The Reflective Fostering Programme: background and development of a new approach

Sheila Redfern*, Sally Wood, Dana Lassri, Antonella Cirasola, Grace West, Chloe Austerberry, Patrick Luyten, Peter Fonagy, Nick Midgley

*Corresponding author for this work

Research output: Contribution to journalArticlepeer-review

23 Scopus citations

Abstract

Looked after children represent a vulnerable group in society, many of whom are exposed to maltreatment, particularly in the form of relational trauma, prior to placement with a foster family. Challenging behaviours can place foster placements at risk and looked after children often confront the possibility of placement breakdown. A carer’s capacity to retain a robust understanding of the children in their care as autonomous individuals with needs, feelings and thoughts can be important in enabling them to respond more effectively to the worrying or disruptive behaviour they may encounter. The Reflective Fostering Programme (RFP) is a new group-based programme aiming to support foster carers of children aged 4–11. This innovative development follows calls by the National Institute for Health and Care Excellence (NICE) and other organisations to help improve outcomes for children in care by improving resources for their carers. The RFP is rooted in evidence drawn from the field of contemporary attachment and mentalizing research, which indicates that children who have a carer high in reflective functioning tend to have more favourable outcomes in terms of social-emotional well-being. It also draws on the evidence that looking after a child who has impaired capacity to mentalize as a result of early relational trauma affects the carer’s capacity to mentalize and respond sensitively to the child (Ensink, et al., 2015). This article sets out the rationale for the RFP, outlines its key elements and concludes by indicating future service implementation and a planned feasibility study examining this approach.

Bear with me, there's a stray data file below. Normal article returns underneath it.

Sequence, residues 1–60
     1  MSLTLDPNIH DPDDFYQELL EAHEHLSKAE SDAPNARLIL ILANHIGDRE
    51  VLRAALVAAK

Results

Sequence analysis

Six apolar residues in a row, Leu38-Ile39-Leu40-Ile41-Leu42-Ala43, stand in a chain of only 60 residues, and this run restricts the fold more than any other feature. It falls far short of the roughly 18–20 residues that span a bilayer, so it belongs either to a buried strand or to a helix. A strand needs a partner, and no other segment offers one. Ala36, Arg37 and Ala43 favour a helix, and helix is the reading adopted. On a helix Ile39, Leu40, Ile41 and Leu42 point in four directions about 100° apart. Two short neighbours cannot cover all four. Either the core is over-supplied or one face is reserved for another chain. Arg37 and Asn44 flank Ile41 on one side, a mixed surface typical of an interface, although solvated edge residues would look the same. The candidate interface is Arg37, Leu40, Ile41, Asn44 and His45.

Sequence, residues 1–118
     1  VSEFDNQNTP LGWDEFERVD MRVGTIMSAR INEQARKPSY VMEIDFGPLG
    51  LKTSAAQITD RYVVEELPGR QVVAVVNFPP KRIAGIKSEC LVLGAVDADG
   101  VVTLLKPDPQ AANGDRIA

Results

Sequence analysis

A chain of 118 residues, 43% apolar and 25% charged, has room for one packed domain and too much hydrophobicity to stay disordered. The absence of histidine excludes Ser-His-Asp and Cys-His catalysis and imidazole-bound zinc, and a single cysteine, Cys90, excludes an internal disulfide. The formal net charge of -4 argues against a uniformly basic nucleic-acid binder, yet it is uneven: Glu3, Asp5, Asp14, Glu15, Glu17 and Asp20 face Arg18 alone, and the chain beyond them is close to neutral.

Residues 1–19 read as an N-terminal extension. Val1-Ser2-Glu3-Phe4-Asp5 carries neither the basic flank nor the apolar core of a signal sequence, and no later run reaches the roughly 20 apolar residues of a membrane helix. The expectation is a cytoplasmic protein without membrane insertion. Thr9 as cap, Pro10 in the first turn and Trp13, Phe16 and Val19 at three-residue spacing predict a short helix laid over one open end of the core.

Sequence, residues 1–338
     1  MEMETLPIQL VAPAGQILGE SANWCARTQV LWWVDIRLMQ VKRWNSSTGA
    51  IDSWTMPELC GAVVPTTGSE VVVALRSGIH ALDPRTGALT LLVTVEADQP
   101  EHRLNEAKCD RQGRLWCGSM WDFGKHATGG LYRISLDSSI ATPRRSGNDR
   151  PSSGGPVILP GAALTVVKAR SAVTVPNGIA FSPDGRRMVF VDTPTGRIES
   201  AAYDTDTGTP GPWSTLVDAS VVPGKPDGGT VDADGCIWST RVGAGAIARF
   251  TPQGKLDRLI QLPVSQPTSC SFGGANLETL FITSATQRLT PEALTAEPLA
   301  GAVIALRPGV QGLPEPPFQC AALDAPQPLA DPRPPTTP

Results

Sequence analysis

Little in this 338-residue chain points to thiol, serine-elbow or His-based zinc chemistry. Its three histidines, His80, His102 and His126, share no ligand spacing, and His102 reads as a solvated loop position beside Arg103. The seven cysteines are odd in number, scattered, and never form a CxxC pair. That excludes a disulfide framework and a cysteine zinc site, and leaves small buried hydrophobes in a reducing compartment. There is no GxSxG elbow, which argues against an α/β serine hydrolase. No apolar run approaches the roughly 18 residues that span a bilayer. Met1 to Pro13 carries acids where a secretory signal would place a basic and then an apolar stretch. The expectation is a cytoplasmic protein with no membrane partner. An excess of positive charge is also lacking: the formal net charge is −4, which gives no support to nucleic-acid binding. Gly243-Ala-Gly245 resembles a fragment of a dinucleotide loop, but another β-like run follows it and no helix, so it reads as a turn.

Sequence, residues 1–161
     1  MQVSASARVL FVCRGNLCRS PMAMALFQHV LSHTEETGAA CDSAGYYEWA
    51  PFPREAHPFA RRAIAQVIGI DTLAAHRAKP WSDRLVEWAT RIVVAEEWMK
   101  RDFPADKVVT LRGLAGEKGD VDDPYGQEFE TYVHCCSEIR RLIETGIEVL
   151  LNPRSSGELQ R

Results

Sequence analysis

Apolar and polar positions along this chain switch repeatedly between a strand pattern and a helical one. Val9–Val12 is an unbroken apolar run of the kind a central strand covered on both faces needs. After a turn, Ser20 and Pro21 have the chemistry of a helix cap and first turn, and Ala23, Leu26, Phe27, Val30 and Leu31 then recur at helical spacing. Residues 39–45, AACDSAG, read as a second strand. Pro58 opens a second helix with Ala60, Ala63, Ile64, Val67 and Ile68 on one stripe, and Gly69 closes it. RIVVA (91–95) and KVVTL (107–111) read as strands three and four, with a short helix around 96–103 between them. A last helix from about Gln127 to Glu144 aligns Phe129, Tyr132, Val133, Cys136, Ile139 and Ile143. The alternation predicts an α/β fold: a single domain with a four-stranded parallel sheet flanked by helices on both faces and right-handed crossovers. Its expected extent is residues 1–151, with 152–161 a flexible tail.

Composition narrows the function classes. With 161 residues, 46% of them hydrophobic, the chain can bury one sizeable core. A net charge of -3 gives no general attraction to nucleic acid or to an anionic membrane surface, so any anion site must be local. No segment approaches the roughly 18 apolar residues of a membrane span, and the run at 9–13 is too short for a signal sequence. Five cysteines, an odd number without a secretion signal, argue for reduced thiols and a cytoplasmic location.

Original languageAmerican English
Pages (from-to)234-248
Number of pages15
JournalAdoption & Fostering
Volume42
Issue number3
DOIs
StatePublished - 1 Oct 2018
Externally publishedYes

Bibliographical note

Publisher Copyright:
© The Author(s) 2018.

Keywords

  • Mentalization
  • foster carers
  • interventions
  • looked after children
  • reflective fostering

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